Ganglion Cysts


What are they?

Ganglion cysts are very common lumps within the hand and wrist that occur adjacent to joints or tendons (See Figure 1). All joints and tendons are bathed in synovial fluid. Cysts develop when the joint or tendon lining develops a weak area allowing the fluid to leak out. Ganglion cysts filled with this clear fluid or gel also maintain a stalk to the leaking joint or tendon.

The cause of a Ganglion cyst is usually unknown, although they can appear after trauma or irritation to a joint or tendon.The most common locations for ganglion cysts are:

• the back (or dorsal) side of the wrist (See Figure 2)
• the palm (or volar) side of the wrist (See Figure 3)
• the base of the finger on the palm side
• the top of the end joint of the finger on the back side

These cysts may change in size or even disappear completely, and they may or may not be painful.These cysts are not cancerous and will not spread to other areas.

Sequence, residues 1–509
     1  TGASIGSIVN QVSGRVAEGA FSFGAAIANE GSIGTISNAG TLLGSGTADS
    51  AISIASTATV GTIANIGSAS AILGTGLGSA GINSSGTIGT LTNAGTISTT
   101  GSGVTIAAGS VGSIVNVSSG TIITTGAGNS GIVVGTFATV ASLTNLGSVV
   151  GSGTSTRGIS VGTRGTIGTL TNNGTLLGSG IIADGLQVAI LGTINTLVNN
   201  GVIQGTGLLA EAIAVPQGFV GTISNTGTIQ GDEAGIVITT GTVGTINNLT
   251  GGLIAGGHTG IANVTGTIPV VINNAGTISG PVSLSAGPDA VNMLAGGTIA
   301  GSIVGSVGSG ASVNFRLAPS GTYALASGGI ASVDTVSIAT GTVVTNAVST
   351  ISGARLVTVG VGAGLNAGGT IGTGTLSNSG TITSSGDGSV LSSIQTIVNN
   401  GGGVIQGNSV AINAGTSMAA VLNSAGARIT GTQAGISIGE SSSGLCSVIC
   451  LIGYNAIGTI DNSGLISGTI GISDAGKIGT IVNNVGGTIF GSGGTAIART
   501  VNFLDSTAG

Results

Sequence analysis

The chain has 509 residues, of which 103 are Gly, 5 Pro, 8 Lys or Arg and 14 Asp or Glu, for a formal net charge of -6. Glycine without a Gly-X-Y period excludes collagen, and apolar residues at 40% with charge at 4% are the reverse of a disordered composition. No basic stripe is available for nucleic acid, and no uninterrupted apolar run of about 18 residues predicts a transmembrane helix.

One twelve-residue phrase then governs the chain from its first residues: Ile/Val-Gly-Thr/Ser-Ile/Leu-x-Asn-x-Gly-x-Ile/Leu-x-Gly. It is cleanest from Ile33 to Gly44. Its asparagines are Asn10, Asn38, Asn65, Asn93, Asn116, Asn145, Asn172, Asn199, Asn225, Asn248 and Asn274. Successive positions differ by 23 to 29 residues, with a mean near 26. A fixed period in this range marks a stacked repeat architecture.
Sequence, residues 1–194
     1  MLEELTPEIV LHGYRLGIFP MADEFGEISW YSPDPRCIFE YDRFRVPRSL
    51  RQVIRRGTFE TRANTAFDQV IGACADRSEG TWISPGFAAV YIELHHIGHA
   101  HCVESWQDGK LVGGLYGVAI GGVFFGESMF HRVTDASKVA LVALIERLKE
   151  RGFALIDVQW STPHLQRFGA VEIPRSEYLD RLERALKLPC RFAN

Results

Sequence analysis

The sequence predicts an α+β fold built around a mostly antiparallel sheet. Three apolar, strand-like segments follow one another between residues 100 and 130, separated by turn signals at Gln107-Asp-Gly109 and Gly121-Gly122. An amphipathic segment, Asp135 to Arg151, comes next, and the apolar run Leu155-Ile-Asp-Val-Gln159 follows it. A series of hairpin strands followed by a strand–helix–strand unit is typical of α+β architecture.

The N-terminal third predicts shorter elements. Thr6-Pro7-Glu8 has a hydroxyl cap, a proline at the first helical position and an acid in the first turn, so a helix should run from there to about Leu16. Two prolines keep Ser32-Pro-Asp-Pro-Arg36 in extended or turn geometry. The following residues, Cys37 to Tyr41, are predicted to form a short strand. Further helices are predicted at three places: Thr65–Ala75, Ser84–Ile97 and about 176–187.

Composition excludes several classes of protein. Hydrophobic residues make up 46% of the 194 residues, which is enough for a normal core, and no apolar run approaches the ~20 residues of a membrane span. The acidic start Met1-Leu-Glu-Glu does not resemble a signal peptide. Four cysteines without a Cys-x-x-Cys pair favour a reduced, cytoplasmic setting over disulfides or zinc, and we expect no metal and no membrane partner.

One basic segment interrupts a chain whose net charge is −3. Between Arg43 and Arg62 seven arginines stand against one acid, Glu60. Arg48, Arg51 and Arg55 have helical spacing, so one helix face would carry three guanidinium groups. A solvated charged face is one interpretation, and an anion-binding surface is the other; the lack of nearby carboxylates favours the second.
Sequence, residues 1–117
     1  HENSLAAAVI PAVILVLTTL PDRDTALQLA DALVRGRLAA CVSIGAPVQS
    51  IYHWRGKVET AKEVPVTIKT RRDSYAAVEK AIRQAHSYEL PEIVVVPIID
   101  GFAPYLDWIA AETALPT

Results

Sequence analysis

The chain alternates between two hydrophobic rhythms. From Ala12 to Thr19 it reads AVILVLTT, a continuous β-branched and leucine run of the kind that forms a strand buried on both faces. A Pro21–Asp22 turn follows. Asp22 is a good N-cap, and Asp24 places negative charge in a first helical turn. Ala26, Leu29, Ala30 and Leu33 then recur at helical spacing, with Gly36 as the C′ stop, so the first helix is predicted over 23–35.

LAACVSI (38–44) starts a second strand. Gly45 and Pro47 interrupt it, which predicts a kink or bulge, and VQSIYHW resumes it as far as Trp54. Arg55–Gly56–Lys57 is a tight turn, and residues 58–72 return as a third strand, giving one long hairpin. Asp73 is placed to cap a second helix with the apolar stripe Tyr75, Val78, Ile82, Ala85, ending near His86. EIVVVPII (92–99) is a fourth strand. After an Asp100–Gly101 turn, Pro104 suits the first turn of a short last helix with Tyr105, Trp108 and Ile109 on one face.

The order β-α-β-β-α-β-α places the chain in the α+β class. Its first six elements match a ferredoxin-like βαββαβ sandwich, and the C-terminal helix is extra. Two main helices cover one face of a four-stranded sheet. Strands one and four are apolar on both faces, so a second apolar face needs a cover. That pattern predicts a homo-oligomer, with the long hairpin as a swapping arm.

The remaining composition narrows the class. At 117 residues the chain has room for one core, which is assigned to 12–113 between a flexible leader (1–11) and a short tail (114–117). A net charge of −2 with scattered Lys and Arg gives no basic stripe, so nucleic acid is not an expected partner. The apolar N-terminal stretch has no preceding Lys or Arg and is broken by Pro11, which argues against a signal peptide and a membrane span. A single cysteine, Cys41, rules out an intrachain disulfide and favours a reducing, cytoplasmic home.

How Are They Diagnosed?

The diagnosis is usually based on the location of the lump and its clinical appearance.They are usually oval or round, and may be soft or very firm. Cysts at the base of the finger on the palm side are typically very firm, pea-sized nodules that are tender to applied pressure, such as when gripping.Your physician may request x-rays in order to investigate problems in adjacent joints; cysts at the end joint of the finger frequently have an arthritic bone spur associated with them. Ultrasound can be useful in diagnosing cysts.

What Are The Treatment Options?

In many cases, these cysts can simply be observed, especially if they are painless. If the cyst becomes painful, limits activity, or is cosmetically unacceptable, other treatment options are available. A suction procedure can be performed to remove the fluid from the cyst and decompress it. Smaller cysts, particularly in the palm, may be “popped” by injecting them with lidocaine.The limitation of these treatments is that the sac or cyst lining is still there and can refill with synovial fluid causing the cyst to recur. If non-surgical options fail to provide relief or if the cyst recurs, surgical alternatives are available. Surgery involves removing the cyst along with a portion of the joint.